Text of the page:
Why the opportunities you don’t take are just as important as the ones you do

Editor Jennifer Richards looks at what happens when faced with a list of opportunities and deadlines you’re panicking you won’t make…

One of the brilliant things playwriting has over other forms of writing is how much more accessible it is. Being such a community-based media means there are always directors/writers/producers/actors searching for collaborators.  You can see just from quickly scrolling through LPB weekly round-up how many opportunities there are for playwrights.

Of course not all these opportunities are suitable for everyone, and there’s no guarantee that you’ll get what you apply for, but there’s an encouragement of new writing in theatre that, to me, feels much stronger than in other media.

But sometimes seeing all these opportunities come up can be pretty overwhelming.  And I’ve definitely found myself staring at the weekly-round up, with the deadlines jumping out at me and making me panic that I’m not going to write something in time to apply. Which stops me from writing anything. Then I don’t go for any of the opportunities.

Deadlines and opportunities should be motivational tools, rather than something we use to beat ourselves up. When I first started applying for new writing nights, what I really needed was for someone to tell me it’s okay to miss an opportunity. In fact, it’s healthy.

Image by Stephen Dan via Flickr CC

As I’m sure is the case with many of you, I have a job outside of playwriting that limits how much time I can spend writing. It doesn’t make me any less of a writer because I don’t apply for every brilliant opportunity that’s posted. Or if I even take a break from writing every now and again when my creativity’s a bit lacking.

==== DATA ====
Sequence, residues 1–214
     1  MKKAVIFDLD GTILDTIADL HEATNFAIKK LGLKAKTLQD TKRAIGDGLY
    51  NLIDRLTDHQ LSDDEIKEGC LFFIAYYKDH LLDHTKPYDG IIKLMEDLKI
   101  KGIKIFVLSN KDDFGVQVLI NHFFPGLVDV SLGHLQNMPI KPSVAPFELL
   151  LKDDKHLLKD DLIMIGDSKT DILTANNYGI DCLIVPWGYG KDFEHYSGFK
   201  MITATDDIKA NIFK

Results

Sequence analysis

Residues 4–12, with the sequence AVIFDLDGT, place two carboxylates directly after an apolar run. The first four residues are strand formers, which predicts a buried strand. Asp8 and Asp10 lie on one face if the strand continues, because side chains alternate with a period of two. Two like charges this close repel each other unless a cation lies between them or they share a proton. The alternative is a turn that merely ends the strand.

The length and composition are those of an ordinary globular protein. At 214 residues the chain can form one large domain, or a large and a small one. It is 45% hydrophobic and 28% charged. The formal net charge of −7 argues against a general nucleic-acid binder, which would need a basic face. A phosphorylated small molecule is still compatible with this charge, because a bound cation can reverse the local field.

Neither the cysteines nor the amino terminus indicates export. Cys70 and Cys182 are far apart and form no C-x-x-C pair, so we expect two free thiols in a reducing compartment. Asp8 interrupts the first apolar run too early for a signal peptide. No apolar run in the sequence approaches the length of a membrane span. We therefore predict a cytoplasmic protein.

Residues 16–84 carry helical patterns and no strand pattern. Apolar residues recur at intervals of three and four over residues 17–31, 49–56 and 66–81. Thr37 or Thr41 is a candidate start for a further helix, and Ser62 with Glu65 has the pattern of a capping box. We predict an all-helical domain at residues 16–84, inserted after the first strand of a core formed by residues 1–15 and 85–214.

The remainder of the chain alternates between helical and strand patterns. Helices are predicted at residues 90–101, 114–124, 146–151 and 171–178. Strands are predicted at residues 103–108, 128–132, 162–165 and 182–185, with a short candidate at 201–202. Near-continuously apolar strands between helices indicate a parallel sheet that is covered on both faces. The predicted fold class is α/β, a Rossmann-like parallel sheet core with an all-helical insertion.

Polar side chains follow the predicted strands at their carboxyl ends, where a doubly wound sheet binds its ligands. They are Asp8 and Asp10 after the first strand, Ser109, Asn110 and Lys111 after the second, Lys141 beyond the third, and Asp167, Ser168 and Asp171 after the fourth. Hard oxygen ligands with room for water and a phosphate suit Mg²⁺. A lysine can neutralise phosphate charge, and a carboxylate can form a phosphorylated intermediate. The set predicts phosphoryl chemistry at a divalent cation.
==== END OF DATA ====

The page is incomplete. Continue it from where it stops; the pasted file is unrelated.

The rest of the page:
I’ve found it’s better to find a few opportunities that really excite me and put more effort focusing on those, producing a script that I’ve taken time over and just given myself some room to breathe when writing it. It’s not good for my writing, or for my mental health, to push myself to meet every deadline and apply for everything.

On LPB, we love listing as many opportunities on here as possible, but not to guilt you into thinking you need to apply for everything, because otherwise you’re just wasting all these great opportunities. We do it to show you what amazing things are out there, and we want to give you the chance to decide what’s most suited to you and your work – which took me a while to figure out!

By all means, find opportunities that excite you and go for those, but don’t burn yourself (and your creativity) out. It’s rare to be told not to go for opportunities, but the importance is in deciding which opportunities to invest your time and your energy in rather than spreading yourself and your work too thin.  Both your writing and your mental health will thank you for it.

One thought on “Why the opportunities you don’t take are just as important as the ones you do”

  1. I think it was Robert De Niro who said that talent is in the choices. He wasn’t referring to deadlines, but deciding which projects to focus your energies on. You never really know for sure (at least, I don’t). But the few things I’ve written that turned out how I had hoped came about by diving deep. Choosing what you’re really most passionate and obsessed with is probably always a good bet, even if it means spending more time, and missing a few deadlines.

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